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Bridging Comparative, Population and Functional Genomics to Identify and Experimentally Validate Novel Regulatory Regions and Genes for Crop Improvement


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Competition in Applied Genomics Research in Bioproducts or Crops (ABC)

Genome Centre(s)



Project Leader(s)

Fiscal Year Project Launched


Project Description

Genomic methods, pioneered in studies of simple, single­celled organisms, are being applied with great success to important crop plants. Genomics provides a way to examine and analyze all of the genes (i.e., the genome) that define the crop with a view to enhance yield and productivity, while reducing production costs. In recent years it has become clear that the genome is more than the sum of genes that code for cellular proteins. Indeed, the regions (“non­coding DNA”) between the protein coding genes are important for regulating their activity.

Studies in plants, humans and other animals now suggest that many of these noncoding DNA regions may have profound significance, harbouring the very elements that regulate genes or provide novel functionality.

Our goal is to use genomics as a means to identify, characterize and validate noncoding DNA regions that have a direct role in determining characteristics that are important for Canadian crops. We have chosen to concentrate on a plant called Arabidopsis for two reasons. First, more is known about the genetics and genomics of this plant than any other in the world. Second, Arabidopsis is a close relative of several crops important to the Canadian economy (e.g., canola). Thus, through the comparison of Arabidopsis with other plants, we can identify important non­coding DNA regions, including those relevant for Canadian crops. We will approach this by determining the whole­genome sequence of several close relatives of Arabidopsis and canola, using this information for within species and between species comparative studies. Non­coding DNA regions will be identified by computer­based predictions and will be validated by experiments that use population genetics and genomic methods. Important findings will be protected for further exploitation.

We anticipate that our project will identify non­coding DNA regions that will have proven potential for crop improvement. We will also generate valuable data, expertise and trained personnel that will provide the basis for future crop­improvement applications.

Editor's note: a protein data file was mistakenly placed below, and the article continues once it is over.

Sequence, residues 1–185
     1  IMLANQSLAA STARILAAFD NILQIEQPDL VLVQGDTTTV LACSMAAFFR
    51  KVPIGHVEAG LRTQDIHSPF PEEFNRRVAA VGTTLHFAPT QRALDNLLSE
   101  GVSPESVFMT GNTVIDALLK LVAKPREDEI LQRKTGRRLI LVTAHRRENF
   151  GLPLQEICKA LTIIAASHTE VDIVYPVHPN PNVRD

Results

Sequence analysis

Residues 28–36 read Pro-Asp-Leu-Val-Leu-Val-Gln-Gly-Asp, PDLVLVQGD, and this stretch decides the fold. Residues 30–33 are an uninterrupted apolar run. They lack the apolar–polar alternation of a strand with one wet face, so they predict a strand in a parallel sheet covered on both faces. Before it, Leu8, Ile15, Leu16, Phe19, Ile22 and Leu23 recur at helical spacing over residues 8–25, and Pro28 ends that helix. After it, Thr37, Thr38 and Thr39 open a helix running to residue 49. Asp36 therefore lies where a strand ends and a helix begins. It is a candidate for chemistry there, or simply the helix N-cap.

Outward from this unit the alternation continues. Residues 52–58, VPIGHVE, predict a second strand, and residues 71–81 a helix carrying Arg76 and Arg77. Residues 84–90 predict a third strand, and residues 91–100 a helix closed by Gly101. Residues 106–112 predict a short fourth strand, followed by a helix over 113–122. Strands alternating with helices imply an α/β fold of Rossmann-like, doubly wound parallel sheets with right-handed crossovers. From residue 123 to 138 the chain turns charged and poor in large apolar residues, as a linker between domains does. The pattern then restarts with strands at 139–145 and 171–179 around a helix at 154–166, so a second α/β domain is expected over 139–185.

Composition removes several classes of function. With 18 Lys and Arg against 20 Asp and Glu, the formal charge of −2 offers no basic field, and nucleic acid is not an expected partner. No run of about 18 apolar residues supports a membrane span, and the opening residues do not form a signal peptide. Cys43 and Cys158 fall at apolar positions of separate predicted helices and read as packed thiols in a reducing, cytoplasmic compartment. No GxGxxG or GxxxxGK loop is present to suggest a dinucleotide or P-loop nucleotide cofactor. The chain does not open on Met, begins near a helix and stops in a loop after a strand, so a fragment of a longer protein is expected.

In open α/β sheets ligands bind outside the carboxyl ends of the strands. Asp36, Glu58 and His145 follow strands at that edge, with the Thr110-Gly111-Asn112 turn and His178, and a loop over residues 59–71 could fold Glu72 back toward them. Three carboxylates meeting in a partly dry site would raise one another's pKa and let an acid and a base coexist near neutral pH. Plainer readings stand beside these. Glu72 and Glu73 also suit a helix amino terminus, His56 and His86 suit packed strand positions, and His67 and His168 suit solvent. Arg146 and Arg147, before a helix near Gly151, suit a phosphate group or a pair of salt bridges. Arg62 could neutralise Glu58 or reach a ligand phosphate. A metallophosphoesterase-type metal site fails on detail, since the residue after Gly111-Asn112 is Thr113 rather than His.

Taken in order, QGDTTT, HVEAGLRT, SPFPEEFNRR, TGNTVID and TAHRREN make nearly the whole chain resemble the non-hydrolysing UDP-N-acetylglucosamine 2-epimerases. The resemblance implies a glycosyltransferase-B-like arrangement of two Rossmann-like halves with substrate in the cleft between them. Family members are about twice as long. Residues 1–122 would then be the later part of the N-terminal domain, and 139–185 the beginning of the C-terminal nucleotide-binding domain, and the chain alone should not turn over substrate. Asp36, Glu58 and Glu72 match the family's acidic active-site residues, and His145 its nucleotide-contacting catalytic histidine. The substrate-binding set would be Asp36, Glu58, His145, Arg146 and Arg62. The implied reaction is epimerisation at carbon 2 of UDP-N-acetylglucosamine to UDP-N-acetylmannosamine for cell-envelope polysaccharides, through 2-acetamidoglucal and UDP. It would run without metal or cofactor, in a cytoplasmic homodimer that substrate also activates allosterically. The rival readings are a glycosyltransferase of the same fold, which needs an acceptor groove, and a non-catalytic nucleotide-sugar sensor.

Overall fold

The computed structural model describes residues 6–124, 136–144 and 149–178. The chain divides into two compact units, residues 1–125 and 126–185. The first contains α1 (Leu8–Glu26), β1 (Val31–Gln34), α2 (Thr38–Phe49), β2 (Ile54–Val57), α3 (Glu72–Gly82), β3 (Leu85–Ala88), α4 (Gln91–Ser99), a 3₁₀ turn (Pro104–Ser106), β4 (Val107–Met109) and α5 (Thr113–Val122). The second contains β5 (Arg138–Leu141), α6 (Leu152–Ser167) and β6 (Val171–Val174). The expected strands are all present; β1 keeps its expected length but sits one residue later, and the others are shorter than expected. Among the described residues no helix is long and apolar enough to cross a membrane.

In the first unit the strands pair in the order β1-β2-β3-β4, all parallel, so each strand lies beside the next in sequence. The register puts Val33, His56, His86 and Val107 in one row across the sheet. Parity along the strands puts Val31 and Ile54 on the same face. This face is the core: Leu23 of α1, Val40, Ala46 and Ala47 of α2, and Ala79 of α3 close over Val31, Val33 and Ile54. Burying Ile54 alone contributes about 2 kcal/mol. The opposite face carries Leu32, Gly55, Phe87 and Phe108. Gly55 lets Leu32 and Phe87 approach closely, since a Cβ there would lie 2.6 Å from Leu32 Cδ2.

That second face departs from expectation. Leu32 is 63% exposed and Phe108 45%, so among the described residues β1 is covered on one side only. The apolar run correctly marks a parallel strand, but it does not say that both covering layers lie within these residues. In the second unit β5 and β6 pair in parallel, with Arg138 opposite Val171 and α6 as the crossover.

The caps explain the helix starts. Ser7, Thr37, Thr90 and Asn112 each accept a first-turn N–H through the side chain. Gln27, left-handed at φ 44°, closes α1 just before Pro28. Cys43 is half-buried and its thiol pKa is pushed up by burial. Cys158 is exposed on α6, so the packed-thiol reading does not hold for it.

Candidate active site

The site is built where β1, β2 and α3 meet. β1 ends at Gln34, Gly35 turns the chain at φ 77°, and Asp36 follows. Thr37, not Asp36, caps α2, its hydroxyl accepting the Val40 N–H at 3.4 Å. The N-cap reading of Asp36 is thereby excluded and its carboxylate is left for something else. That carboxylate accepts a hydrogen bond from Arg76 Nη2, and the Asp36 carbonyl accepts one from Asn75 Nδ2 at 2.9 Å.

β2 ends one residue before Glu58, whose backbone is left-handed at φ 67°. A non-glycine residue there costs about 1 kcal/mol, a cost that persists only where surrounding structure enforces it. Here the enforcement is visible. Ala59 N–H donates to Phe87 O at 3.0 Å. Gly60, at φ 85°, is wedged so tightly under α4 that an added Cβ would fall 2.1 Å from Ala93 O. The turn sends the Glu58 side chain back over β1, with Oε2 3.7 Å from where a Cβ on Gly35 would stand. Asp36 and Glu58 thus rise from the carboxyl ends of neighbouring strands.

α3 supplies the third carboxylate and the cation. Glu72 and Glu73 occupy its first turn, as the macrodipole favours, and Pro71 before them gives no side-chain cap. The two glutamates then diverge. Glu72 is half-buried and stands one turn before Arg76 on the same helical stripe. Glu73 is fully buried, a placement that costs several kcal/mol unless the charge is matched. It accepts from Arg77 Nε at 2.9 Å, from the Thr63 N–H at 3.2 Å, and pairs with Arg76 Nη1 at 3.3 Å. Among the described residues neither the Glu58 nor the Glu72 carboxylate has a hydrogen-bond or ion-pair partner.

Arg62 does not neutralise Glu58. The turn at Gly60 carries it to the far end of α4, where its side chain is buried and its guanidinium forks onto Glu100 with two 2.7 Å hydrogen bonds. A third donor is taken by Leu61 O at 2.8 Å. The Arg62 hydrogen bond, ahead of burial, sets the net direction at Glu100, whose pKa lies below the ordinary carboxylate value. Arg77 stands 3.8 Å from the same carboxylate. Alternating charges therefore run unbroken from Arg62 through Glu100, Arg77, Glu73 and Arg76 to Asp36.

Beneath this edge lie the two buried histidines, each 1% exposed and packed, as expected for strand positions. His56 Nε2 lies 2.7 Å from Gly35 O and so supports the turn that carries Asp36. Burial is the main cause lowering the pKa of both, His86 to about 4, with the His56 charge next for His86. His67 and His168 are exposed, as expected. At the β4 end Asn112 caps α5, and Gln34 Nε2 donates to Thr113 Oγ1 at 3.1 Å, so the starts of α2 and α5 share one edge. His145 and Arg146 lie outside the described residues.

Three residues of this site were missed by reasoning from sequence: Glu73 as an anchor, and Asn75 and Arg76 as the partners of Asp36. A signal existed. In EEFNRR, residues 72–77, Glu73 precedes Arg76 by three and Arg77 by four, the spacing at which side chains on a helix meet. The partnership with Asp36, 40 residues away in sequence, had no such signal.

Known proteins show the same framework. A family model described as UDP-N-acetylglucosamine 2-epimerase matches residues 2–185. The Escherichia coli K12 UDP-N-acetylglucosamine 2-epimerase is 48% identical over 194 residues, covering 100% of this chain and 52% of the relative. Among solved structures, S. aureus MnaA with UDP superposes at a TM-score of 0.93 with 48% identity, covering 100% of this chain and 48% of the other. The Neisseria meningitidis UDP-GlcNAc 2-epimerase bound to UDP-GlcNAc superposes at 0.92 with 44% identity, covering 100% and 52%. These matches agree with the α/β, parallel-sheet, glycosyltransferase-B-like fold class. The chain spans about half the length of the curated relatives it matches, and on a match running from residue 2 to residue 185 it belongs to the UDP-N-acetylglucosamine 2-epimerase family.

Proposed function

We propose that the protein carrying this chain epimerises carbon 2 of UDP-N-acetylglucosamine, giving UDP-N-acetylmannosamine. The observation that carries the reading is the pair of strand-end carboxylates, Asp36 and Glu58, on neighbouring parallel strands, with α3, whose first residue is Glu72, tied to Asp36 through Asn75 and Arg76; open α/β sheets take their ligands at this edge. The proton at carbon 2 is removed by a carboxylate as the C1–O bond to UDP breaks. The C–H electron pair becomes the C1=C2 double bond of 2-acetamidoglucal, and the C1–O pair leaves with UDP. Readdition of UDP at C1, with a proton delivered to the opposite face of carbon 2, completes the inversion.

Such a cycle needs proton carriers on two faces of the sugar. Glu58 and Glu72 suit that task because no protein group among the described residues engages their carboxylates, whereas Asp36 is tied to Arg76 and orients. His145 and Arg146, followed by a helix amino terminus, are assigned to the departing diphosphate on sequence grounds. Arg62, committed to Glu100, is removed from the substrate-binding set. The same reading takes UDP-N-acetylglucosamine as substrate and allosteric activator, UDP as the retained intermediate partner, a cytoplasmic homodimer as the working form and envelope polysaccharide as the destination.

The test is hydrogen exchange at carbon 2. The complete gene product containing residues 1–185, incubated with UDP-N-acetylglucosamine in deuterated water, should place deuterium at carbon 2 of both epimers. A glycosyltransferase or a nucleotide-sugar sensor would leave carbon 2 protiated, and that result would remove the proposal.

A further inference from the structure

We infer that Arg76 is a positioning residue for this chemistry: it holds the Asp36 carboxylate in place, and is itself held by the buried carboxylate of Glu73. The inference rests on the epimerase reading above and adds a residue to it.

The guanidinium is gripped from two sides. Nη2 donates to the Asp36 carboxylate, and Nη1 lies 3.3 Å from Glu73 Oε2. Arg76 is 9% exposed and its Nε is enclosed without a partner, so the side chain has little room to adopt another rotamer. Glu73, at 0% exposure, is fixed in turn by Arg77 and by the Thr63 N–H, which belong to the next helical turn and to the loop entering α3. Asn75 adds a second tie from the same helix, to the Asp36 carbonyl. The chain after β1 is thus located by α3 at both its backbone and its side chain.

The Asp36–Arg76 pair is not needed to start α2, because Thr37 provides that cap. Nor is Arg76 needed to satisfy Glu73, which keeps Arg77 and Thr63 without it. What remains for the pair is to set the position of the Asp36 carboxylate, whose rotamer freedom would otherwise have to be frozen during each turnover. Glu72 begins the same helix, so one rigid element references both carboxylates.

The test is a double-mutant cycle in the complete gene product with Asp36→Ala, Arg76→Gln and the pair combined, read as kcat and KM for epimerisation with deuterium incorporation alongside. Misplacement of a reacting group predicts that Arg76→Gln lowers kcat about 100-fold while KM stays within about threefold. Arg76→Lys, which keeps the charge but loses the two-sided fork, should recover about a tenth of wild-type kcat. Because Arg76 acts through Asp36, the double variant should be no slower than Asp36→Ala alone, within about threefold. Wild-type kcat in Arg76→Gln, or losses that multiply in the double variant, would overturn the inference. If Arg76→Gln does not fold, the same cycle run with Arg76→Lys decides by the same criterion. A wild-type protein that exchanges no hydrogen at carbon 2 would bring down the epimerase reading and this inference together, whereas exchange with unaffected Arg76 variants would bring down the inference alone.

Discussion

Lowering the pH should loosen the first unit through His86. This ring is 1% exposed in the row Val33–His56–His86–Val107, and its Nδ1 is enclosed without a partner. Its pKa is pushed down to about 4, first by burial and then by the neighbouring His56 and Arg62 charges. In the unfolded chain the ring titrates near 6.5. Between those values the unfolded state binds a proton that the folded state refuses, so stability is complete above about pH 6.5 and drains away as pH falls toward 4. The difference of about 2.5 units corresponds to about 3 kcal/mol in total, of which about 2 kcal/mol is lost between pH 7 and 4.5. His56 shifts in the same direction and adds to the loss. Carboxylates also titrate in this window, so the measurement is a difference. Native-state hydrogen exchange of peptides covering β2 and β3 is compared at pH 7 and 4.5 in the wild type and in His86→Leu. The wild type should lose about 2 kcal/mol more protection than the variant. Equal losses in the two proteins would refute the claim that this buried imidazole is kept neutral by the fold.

Integrated GE3LS Research Component:  The Integration of Genomics with Plant Breeding
GE3LS Project Leader:  Anwar Naseem, McGill University

The use of genomic methods to improve crops has implications for Canadian society. As the demand for food rises, crops with traits that allow them to thrive in marginal conditions, such as cold tolerance, drought tolerance and low-nitrogen will become increasingly important. In order for scientific knowledge to be brought safely and effectively to practical application, the GE3LS component of the project will pursue several research themes to address economic, policy and legal questions related to agricultural genomics.

First, to inform and guide the scientific aspects of the overall project, a socio-economic impact analysis of the traits that are coded by the target genes will be conducted, so that the genes that hold the greatest societal benefit are selected. Second, we will develop methods of estimating the value of genomics patents to the agricultural industry. We will carry out case studies of five selected patents that are likely to come from the genomic research component of this project. We will consider several indicators, such as economic value, impact on knowledge creation and expert analysis of specific patents.

Finally, we will explore how advances in genomics have affected the productivity of the plant breeding process by comparing the economic returns to marker assisted breeding with conventional breeding methods. The outcomes of this phase of the research will be widely applicable to crop-improvement generally and in providing guidance on ways to improve the breeding efficiency. Our research will have important policy implications for the future of agricultural genomics in Canada, and how the integration of genomics with plant breeding can best be realized.